In 1979 the USSR invaded Afghanistan to keep a communist government in power. This aggression ended détente, with the US cutting off grain sales to the USSR and boycotting the 1980 Olympics in Moscow.
To stop the spread of communism, the US supplied the Afghan Mujahideen with weapons. The rebels defeated the Red Army in a bitter 10-year war that demoralized and weakened the Soviet economy.
Reagan & Gorbachev
In the 1970s the US also suffered from a poor economy, long gas lines, low morale, and an embarrassing hostage crisis with Iran. President Jimmy Carter admitted the US was stuck in a “malaise,” as the Soviet Union pulled ahead in nuclear missile technology.
In 1980 Ronald Reagan was elected president in a landslidevictory and renewed American patriotism. Reagan was firm with the USSR and called it the “Evil Empire,” as well as the “focus of evil in the modern world.”
Believing peace could only be achieved through strength, Reagan increased military spending and proposed the “Star Wars” program (SDI), which further crippled a weak Soviet economy that could not keep up.
Reagan also fought communism in Latin America. When the communist Sandinistas overthrew the repressive Nicaraguan government in 1979, Reagan secretly supplied the contrarevoluticionarios, or Contras, with weapons. The civil war weakened Nicaragua, but by 1990 the Sandinistas handed over power to a freely elected government.
In 1985 Mikhail Gorbachev became the Soviet leader and faced huge problems. There was civil unrestover the Afghan war, and the weak Soviet economy could not match Reagan’s defense spending and also afford consumer goods.
To ease Cold War tensions Gorbachev removed Soviet troops from Afghanistan and signed treaties with President Reagan that reversed the arms race.
Gorbachev also introduced two sweeping reforms aimed at improving the Soviet government and economy. However, both reforms would have unintended consequences that would lead to the collapse of the USSR.
1) Glasnost – policy calling for openness that ended censorship and encouraged people to discuss problems in the USSR (1985).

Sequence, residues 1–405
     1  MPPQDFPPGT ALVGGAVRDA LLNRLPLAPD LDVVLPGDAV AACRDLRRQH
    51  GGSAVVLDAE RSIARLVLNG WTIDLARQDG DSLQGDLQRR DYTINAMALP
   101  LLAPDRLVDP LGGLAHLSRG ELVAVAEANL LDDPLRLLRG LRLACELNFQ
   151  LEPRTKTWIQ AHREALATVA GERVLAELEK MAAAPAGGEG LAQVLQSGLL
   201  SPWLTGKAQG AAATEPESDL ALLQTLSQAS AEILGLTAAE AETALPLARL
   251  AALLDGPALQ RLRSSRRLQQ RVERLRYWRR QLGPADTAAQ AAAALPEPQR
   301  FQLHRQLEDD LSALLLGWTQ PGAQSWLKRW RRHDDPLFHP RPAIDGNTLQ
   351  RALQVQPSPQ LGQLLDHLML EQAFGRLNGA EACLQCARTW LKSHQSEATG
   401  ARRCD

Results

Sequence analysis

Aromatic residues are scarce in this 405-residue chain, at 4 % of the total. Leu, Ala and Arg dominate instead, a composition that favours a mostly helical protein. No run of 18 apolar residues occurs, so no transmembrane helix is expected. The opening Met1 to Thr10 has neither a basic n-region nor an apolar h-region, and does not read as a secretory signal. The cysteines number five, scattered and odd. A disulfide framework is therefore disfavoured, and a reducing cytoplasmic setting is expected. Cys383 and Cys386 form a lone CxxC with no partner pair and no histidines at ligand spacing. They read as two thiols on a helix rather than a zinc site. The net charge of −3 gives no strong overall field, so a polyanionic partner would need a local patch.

Political dissidents were freed, and the media began reporting the negative aspects of the USSR such as the gulags, poverty, corruption, and the 1986 Chernobyl disaster. This weakened Soviet power and caused many to lose faith in communism.
2) Perestroika – restructuring of the USSR’s government and economy in order to stimulate economic growth (1987).
Under perestroika capitalist reforms were introduced into the USSR’s command economy, with local level professionals given the power to make production decisions, instead of incompetent party officials. While this was designed to boost efficiency and output, the rapid change brought economic turmoil.
With censorship gone the people of the USSR voiced their desire for self-determination and held huge freedom rallies. During a speech in West Berlin Reagan aroused the German people by saying “Mr. Gorbachev, tear down this wall!”
Due to an extremely weak economy, by 1989 the USSR could no longer support its communist satellite governments. With a reduction in Soviet influences, Eastern Europeans protested and called for freedom.
Poland, a Soviet satellite, was experiencing economic problems that caused unrest. In 1980 an electrician named Lech Walesa formed Solidarity, an independent trade union that called for political change.
The communist Polish government outlawed the union and arrested Walesa, but when the USSR weakened Poland held free elections and Walesa became president in 1989.
Germany was finally reunited when mobs of Germans tore down the Berlin Wall. By 1991 Estonia, Latvia, and Lithuania regained their independence, and the remaining satellites soon followed.
Seeking to revive the USSR communist hardliners staged a coup d’etat against Gorbachev. The coup failed when democratic resistance rallied behind Russian President Boris Yeltsin, who convinced the Red Army not to fire on Russian civilians. Gorbachev soon resigned, and the USSR ceased to exist.